GEORGETOWN, Guyana, Aug 7, CMC – The Chinese-owned Bosai Minerals Group Guyana Incorporated (BMGGI) says it is losing millions of dollars as it is unable to fulfil its international obligations as a result of the protest action that has virtually shut down the mining town of Linden.
“We are not producing nothing, so we can’t ship nothing, in other words, we can’t sell nothing,” company’s community relations assistant officer, Vanessa Davis told the Guyana Times newspaper on Tuesday.
Linden has been hit by protest action after residents there took to the streets to demand that the Donald Ramotar government reverse a decision to increase electricity rates and cut the estimated three-billion-dollar (One Guyana Dollar =US$0.004 cents) subsidy to the Linden Electricity Company Incorporated (LECI) by one third.
In addition, the bauxite pensioners say they no longer enjoy 300 Kilowatt-hours (KWh) free electricity but will be provided 50 KWh free and have been told they would have to pay for the remainder at existing market rates for other customers.
At least three protestors were shot and killed during clashes with the police on July 18. The Inter-American Commission on Human Rights (IACHR) has condemned the killings and the government has promised a Commission of Inquiry into the matter.
Davis said that the company, which in March this year announced plans to inject US$200 million into expanding its operations, was only able to ship bauxite two weeks ago.
“The last ship came about two weekends ago and we didn’t even have a full shipment,” she said, noting it is possible that the company would not be able to make any more shipments until Linden returns to normal.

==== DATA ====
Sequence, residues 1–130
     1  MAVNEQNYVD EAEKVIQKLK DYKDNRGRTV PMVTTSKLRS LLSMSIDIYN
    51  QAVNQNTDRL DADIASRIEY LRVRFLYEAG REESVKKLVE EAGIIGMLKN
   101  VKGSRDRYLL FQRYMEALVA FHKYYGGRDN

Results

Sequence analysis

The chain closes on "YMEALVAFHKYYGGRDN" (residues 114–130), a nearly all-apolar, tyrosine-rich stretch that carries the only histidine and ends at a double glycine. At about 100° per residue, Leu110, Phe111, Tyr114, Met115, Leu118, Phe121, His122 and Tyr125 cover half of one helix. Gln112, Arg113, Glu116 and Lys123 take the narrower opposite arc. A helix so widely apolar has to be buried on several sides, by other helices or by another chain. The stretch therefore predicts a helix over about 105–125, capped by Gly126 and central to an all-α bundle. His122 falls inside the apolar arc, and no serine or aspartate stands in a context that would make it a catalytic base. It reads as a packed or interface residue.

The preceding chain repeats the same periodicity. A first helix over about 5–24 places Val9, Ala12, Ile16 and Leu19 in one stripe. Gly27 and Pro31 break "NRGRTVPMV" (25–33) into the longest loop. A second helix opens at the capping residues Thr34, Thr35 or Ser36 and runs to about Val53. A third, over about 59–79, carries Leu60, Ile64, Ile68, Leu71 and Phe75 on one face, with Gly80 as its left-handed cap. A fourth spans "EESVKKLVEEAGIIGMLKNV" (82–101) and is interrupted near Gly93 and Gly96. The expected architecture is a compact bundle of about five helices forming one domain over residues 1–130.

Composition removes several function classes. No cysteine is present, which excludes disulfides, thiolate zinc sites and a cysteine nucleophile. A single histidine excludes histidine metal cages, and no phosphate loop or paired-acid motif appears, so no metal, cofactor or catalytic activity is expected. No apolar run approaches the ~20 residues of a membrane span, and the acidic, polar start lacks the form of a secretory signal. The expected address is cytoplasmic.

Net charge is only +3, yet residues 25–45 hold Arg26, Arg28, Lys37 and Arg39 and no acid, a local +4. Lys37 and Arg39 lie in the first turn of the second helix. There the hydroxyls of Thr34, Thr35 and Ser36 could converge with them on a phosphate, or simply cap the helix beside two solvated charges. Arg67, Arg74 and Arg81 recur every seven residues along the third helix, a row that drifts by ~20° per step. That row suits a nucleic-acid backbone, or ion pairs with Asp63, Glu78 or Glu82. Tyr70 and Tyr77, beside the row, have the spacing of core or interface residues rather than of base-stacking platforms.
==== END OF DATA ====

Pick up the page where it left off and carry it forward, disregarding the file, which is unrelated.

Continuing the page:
“This is not a normal business where you shop when you need stuff, the company had to market its product for a year and had to sign a contract; so, yes, the market is being hampered.”
Last month, Natural Resources and the Environment, Robert Persaud warned that the protest actions were forcing stakeholders to adopt new measures in order to meet their commitment.
He said the Guyana Geology and Mines Commission (GGMC), and the Guyana Forestry Commission (GFC) were now compiling an analysis on the impact of the situation as both mining and logging have been affected.
A government statement said that some operators have had to incur high costs to airlift their produce into mining camps, and the GFC has since been issuing letters to buyers on request from miners, some of whom have been threatening legal action.
“The impact is biting at the operators and market levels, because if it is prolonged, market opportunities will be lost…we are looking at it closely and all stakeholders are hopeful that access will be available shortly, “Persaud said, urging the protestors to end their action.
Meanwhile, a Government Information Agency (GINA) statement said that miners and suppliers as well as leaders of Amerindian village near Linden have expressed concerns that the protest action have had on their livelihoods.
“They pointed out that their operations have been on standstill for over three weeks and are facing burdens amounting to millions of dollars. Some complained that their assets were also destroyed by those manning blockades. Others were also threatened or harassed. They further complained that they cannot ply their trade to service mining, forest and other vulnerable communities that depend on supplies from the coast land,’ GINA added.